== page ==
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LoC can be basis of J&K solution: NSA

India maintains J&K is an integral part of India, and nation's NSA's comments mark a significant shift.

india Updated: Mar 26, 2006 20:13 IST
Indo-Asian News Service
Indo-Asian News Service

India's National Security Adviser MK Narayanan has indicated the Line of Control (LoC) that divides Jammu and Kashmir between India and Pakistan could form the basis for a lasting solution to the Kashmir problem.

At the same time, he accused Pakistan of breeding a new form of jehadi terror aimed at fanning communal tensions within India and pointed to the bomb attacks in the temple town of Varanasi this month that killed 15 people and injured over 100.

New Delhi has always maintained that the entire state of Jammu and Kashmir, including the part under Pakistani control, is an integral part of India, and Narayanan's comments marked a departure from this position.

In a wide-ranging interview with the CNN-IBN news channel aired on Sunday, Narayanan referred to the resolution of the Kashmir dispute and said: "It may not be easy. The point really is, I presume, that if finally you have to reach an agreement there must be certain amount of give and take.

"I suppose when people talk in terms of Line of Control it is saying that: 'All right, what has been the actual ground position in the last so many years?' That may be the starting point for an exercise to any changes that you might like to make."

But Narayanan said Pakistan did not seem serious about finding a solution to the Kashmir problem and that India was confused by the suggestions emanating from Islamabad.

"Pakistani suggestions will not lead us forward," he maintained.

Narayanan admitted that Indians could be becoming a part of the Pakistani-sponsored jehadi movement in the country.

"There is a very distinct attempt to alter the mix, if I may say so. We do find, here and there, individuals who are Indians who are getting involved in these (terrorist) offences," he said.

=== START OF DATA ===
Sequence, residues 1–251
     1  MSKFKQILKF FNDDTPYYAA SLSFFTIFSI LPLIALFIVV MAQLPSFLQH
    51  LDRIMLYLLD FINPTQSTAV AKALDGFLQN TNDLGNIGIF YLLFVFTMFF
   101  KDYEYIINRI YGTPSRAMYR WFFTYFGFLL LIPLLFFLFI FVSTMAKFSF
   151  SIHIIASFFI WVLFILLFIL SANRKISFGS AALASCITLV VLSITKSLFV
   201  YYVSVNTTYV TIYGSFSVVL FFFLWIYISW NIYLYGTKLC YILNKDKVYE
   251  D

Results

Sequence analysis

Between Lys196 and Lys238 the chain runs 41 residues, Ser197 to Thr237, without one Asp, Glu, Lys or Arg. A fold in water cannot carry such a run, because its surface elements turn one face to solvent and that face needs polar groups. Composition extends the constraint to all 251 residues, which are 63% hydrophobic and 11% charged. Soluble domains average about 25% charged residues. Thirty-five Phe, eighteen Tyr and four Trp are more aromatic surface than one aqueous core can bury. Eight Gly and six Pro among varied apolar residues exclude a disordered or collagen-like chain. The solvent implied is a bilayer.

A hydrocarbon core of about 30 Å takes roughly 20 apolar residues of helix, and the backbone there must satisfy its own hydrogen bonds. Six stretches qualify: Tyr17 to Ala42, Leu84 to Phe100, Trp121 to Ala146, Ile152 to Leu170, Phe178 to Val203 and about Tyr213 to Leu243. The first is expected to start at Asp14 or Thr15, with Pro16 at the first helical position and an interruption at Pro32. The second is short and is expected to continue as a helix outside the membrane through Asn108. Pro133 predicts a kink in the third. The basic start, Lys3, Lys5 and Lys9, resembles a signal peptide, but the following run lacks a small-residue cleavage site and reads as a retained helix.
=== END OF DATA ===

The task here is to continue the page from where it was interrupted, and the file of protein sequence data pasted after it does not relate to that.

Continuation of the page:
"Almost all of them are sort of inveigled into going across. Sometimes it is Bangkok that is the port from which they go and sometimes it is West Asia. By and large, they are Pakistani connections," he said.

Even so, Narayanan did not rule out a dialogue with Pakistan-based United Jehad Council chairman Syed Salahuddin.

Narayanan also spoke about the India-China border dispute and said leaders of both countries were "ready to go forward", even as New Delhi and Beijing would "have to consider giving up their respective claims" related to the disputed border.

Narayanan, who is India's special representative for talks with China on the border dispute, said: "The last round of Indo-China talks were quite a big step forward.

"The leaders of both the countries are ready to go forward on the boundary dispute. India and China will have to consider giving up their respective claims."

He was also confident of the US Congress ratifying the civilian nuclear deal struck with India during the visit of President George W Bush this month, saying "we are optimistic".

According to Narayanan, the Bush administration was confident of pushing through the nuclear deal in the US Congress.

"(Under Secretary of State) Nicholas Burns spoke to (our) foreign secretary and he admitted that it is a difficult task, but we are making good progress," Narayanan said.

"We are optimistic and I think that it is good for the country and good for the world at large. And despite the fact that there are a large number of doubters all over, we have got a good deal," he asserted.

Holding that the nuclear deal would not dent India's nuclear capability, Narayanan made it clear that New Delhi will not consider new conditions for the pact.

On Bangladesh, Narayanan said Prime Minister Manmohan Singh will raise the issue of terrorism with Bangladesh Prime Minister Begum Khaleda Zia during her visit to India beginning on Monday.

First Published: Mar 19, 2006 21:03 IST